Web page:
The shared intentionality lies at the basis of human society, Dr. Tomasello argues. From it flow ideas of norms, of punishing those who violate the norms and of shame and guilt for punishing oneself. Shared intentionality evolved very early in the human lineage, he believes, and its probable purpose was for cooperation in gathering food. Anthropologists report that when men cooperate in hunting, they can take down large game, which single hunters generally cannot do. Chimpanzees gather to hunt colobus monkeys, but Dr. Tomasello argues this is far less of a cooperative endeavor because the participants act on an ad hoc basis and do not really share their catch

The gift of food requires a surplus of food, beyond immediate subsistence to give.


This could have happened at some point early in human evolution, when in order to survive, people were forced to cooperate in hunting game or gathering fruit. The path to obligatory cooperation — one that other primates did not take — led to social rules and their enforcement, to human altruism and to language.

“Humans putting their heads together in shared cooperative activities are thus the originators of human culture,” Dr. Tomasello writes.

Independently Hillard S. Kaplan, an anthropologist at the University of New Mexico has reached similar conclusions.

The structure of early human societies, including their “high levels of cooperation between kin and nonkin,” was thus an adaptation to the “specialized foraging niche” of food resources that were too difficult for other primates to capture, (The Philosophical Transactions of the Royal Society.) We evolved to be nice to each other, in other words, because there was no alternative.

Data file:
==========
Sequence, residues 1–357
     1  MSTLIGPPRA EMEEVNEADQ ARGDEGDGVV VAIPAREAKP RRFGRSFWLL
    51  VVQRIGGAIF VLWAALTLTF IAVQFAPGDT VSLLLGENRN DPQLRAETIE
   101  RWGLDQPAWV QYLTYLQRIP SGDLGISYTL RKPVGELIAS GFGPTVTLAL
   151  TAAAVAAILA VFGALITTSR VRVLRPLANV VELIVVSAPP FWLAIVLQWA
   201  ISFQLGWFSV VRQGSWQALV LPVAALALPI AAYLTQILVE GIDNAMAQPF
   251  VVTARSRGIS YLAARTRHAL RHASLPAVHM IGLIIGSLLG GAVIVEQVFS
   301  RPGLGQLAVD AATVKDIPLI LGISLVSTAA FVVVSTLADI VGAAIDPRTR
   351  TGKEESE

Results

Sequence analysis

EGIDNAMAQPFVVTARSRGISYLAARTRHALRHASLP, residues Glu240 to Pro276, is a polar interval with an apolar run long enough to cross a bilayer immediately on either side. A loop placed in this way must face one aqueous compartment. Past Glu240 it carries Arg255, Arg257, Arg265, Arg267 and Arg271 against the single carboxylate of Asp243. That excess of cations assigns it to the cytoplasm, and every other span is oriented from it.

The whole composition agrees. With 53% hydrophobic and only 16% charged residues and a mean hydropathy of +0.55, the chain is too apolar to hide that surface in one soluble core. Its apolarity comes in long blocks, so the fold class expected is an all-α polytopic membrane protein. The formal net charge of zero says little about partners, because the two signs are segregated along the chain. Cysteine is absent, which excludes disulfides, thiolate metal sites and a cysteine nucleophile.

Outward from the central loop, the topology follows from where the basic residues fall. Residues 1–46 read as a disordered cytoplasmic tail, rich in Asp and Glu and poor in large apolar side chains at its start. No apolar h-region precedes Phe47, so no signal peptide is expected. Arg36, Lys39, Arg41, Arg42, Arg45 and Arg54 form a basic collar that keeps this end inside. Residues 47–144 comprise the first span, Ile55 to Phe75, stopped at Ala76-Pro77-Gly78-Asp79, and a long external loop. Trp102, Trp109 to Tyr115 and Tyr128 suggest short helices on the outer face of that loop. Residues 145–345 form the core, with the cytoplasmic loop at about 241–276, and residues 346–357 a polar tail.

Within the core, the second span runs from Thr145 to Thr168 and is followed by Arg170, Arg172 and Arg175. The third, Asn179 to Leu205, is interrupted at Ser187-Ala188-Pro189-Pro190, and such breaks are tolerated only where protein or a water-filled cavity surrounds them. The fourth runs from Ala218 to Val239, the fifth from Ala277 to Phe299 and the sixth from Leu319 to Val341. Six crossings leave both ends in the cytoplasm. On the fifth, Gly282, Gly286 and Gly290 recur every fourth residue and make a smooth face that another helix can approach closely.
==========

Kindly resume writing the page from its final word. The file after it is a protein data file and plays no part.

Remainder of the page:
We have seen how certain technological advantages, such as the invention of cooking and agriculture, and advances in hunting, enabled a much higher yield for a given area of human habitation, enabling the support of a greater population in any given area of land.  Setting aside for one moment any population increase from an advance in food technology, such an advance can generate a food surplus, more food than is needed to sustain immediate subsistence,  The kinship group will then make a decsion, a true economic decision, about what to do with that surplus.

There are many options.  Seeds can be sown rather than consumed, or dry stored.  Food can be shared within a kinship group, or traded.

Imagine two bands. one in that year with a surplus of food and the other with a failed harvest.  The failed harvest group might raid its neighbour or trade for food.  It is essential for a group to develop one or more survival strategies for times of poor food production.  With a surplus some members of a group can afford not to work solely on food production. They can be mining or making, creating non-pershiable goods to trade, so that in harder times these goods can be traded for food.

In a kinship or family group there will be net exchange in the production of food.  Adults will be net givers, the old and infants, the sick and heavily pregnant women will be net receivers. Loss of a member of that group who is a net giver could lead to starvation from one of the net receivers. This surely is the origin of the concept of the ‘bride price’ .

Concepts of sharing and exchange cannot be counterposed as mutually exclusive in human society.  Indeed all societies seem to have concepts of sharing and exchange running side by side.  This critically relates to the evolution of the concepts of property and money.